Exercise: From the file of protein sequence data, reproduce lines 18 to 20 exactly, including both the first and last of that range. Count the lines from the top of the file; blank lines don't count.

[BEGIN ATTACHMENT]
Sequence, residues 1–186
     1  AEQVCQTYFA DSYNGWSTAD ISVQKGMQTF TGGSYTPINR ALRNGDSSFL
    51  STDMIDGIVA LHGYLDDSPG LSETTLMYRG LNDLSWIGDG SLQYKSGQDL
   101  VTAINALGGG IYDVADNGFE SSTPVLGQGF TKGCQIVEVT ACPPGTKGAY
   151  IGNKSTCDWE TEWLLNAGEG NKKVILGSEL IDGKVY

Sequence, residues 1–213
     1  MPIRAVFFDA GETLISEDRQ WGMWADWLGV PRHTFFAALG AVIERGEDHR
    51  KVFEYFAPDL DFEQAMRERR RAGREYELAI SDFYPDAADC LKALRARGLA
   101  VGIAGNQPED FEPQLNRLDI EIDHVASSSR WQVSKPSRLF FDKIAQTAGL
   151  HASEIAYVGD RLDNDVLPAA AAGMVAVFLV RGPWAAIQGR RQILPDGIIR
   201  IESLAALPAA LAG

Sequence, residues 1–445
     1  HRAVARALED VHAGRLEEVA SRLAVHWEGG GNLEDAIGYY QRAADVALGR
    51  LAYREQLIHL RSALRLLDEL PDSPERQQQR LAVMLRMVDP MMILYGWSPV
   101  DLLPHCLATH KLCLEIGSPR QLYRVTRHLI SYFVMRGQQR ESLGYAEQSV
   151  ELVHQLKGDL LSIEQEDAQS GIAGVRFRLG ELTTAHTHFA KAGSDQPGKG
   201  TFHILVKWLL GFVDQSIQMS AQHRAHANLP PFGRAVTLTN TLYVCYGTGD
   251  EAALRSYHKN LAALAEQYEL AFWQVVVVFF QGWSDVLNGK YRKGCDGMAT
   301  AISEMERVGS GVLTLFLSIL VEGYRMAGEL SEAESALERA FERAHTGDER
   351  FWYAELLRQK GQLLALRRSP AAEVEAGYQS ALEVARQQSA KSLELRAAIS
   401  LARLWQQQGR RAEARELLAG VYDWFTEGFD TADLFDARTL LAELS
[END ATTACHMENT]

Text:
   251  EAALRSYHKN LAALAEQYEL AFWQVVVVFF QGWSDVLNGK YRKGCDGMAT
   301  AISEMERVGS GVLTLFLSIL VEGYRMAGEL SEAESALERA FERAHTGDER
   351  FWYAELLRQK GQLLALRRSP AAEVEAGYQS ALEVARQQSA KSLELRAAIS